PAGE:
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Sanford Ballard Dole

Sanford Ballard Dole

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Sanford Ballard Dole

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  1. Sanford Ballard Dole Joanna Manthey

  2. Just to clarify… Sanford B. Dole had nothing to do with pineapple or the start of Dole Fruit Company. That was his cousin, James.

  3. Background Check… Sanford Ballard Dole was born on April 23, 1844 on Honolulu, Hawaiian Islands. His parents were Protestant missionaries from New England. Grew up on Oahu and Kauai, attending his father’s missionary school. The Doles were part of the “elite” group of outsiders on the islands that greatly influenced the local politics. Attended Williams College in Williamsburg, Massachusetts for one year. Spent a year in a Boston law office, admitted to the Massachusetts Bar in 1868. Returned to Hawaii in 1868 to practice law there. Had a great concern for community issues. Married Anna P. Cate of Maine in 1873. Served as an attorney and a friend to King David Kalakaua. Sought to westernize Hawaiian society and culture.

  4. Bayonet Constitution • Dole was part of a revolution in Hawaii in 1887. • He led local businessmen, sugar planters, and politicians against King Kalakaua • They were backed by the Honolulu Rifles, a strong missionary-based political group of the time. • They forced the adoption of the constitution of the Kingdom of Hawaii, written by Minister of the Interior Lorrin A. Thurston. • “Bayonet” Constitution: • removed the voting rights of Asians • set up income and wealth requirements for voting, causing power to rest on the rich elite Native Hawaiians, European & American subjects of the islands. • It also minimized the power held by the monarch, favoring government of the royal cabinet, called the Privy Council.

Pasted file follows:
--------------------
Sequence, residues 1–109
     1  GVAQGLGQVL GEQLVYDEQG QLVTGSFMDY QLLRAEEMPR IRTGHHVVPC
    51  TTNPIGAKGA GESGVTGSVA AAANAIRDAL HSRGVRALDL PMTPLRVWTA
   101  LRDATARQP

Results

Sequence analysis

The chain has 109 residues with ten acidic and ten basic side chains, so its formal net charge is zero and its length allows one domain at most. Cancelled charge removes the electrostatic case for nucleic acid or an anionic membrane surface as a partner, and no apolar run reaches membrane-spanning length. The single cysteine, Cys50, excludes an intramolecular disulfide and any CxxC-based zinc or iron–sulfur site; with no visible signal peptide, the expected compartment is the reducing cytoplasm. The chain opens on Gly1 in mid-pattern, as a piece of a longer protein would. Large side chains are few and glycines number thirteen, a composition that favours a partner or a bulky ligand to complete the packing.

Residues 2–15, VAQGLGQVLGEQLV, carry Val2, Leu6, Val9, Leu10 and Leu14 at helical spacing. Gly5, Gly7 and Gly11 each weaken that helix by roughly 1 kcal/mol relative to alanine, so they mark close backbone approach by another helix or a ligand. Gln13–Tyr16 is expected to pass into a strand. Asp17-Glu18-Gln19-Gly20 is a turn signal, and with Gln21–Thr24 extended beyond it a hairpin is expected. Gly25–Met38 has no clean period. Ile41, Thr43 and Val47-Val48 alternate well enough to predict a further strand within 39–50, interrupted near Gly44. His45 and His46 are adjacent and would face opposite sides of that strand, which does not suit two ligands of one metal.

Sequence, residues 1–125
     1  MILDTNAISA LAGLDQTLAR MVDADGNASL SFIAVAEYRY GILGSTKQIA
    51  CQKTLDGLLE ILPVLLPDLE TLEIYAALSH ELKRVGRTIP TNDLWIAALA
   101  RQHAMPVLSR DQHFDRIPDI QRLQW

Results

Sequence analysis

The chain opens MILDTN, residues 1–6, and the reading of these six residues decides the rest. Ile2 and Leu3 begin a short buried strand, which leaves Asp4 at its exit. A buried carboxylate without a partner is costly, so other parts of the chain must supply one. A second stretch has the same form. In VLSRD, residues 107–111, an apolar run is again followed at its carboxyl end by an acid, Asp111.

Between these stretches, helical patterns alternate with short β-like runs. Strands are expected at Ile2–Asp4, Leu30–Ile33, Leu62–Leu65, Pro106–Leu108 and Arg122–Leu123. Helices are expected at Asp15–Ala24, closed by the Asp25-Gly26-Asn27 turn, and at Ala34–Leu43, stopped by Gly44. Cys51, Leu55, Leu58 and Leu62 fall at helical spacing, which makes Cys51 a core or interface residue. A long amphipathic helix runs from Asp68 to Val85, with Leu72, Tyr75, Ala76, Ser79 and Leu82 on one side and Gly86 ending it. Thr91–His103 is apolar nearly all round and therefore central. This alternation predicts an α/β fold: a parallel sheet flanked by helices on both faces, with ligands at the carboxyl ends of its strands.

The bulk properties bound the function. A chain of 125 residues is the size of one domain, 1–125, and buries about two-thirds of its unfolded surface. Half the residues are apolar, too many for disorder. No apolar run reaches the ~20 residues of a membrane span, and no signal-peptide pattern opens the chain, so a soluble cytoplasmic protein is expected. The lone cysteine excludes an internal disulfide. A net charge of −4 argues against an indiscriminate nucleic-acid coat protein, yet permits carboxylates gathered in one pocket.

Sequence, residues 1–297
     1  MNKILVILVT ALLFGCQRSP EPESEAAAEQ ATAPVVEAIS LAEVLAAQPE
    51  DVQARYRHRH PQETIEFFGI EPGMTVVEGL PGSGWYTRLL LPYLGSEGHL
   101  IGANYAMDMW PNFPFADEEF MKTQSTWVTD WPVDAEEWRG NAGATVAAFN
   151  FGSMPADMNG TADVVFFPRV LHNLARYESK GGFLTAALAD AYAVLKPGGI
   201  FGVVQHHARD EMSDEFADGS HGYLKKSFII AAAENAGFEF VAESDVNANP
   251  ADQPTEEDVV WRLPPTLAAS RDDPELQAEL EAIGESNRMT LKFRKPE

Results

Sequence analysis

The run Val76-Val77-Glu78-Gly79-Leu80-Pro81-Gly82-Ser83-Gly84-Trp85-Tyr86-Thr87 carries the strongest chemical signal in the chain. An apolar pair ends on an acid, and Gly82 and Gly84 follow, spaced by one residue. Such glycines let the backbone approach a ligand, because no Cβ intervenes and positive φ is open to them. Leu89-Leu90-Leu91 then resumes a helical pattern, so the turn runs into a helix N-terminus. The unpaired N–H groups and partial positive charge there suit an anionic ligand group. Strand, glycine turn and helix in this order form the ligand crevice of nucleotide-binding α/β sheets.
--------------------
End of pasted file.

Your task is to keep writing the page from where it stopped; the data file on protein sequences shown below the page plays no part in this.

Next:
5. The Committee of Safety This was a 13-member council that was head of the Hawaiian League (also known as the Annexation Club). Made up of American Hawaiian and European Hawaiian citizens, including Dole. All were members of the Missionary Party. This committee planned and carried out the overthrow of 1893. Their main goal was to achieve annexation of Hawaii to the United States. Not until 1898 was Hawaii made into a U.S. territory. Members of the Committee of Safety, one day before their overthrow. L to R: James A. King, Sanford B. Dole, William O. Smith and Peter C. Jones

  6. End of Monarchy January of 1893 – Dole reluctantly led a coup to completely overthrow the monarchy, now headed by King Kalakaua’s sister, Queen Lili’uokalani. The provisional government was set up with Dole as the president. Within 48 hours, all countries that had diplomatic ties with the former Kingdom of Hawaii had recognized its provisional government. They hoped for annexation to the United States, but Grover Cleveland’s election as president caused those plans to be put on hold. It was rumored that Queen Lili’uokalani demanded capitol punishment for the revolutionaries. Later in her book, Hawaii’s Story by Hawaii’s Queen, she wrote that she had never demanded that. The Provisional government refused to reinstate Queen Lili’uokalani to the throne. They held a constitutional convention and on July 4, 1894, created the Republic of Hawaii.

  7. President Dole was the first and only president of Hawaii. Served from 1894-1900 There were several failed attempts at restoring the monarchy. Dole was a highly successful diplomat. Governor McKinley made Dole the territorial governor of Hawaii after it was annexed. Started in 1900, resigned in 1903. Judge Accepted position as U.S. District Court judge. Served there until 1915.

  8. Sanford Ballard Dole died on April 9, 1923. He suffered from a series of strokes. His cremated remains were laid to rest in Kawaiahao Church Cemetery, Honolulu, Hawaii.

  9. Works Cited Honolulu Star-Bulletin Local News." Hawaii Archives - Honolulu Star-Bulletin Archives - - Web. 18 Feb. 2010. <>. “Sanford Ballard Dole (president of the Republic of Hawaii) -- Britannica Online Encyclopedia." Encyclopedia - Britannica Online Encyclopedia. Web. 21 Feb. 2010. <>. "Sanford B. Dole: Biography from" Wiki Q&A combined with free online dictionary, thesaurus, and encyclopedias. Web. 18 Feb. 2010. <>. "Sanford B. Dole." Search Engine - Better Web Search. Web. 21 Feb. 2010. <>.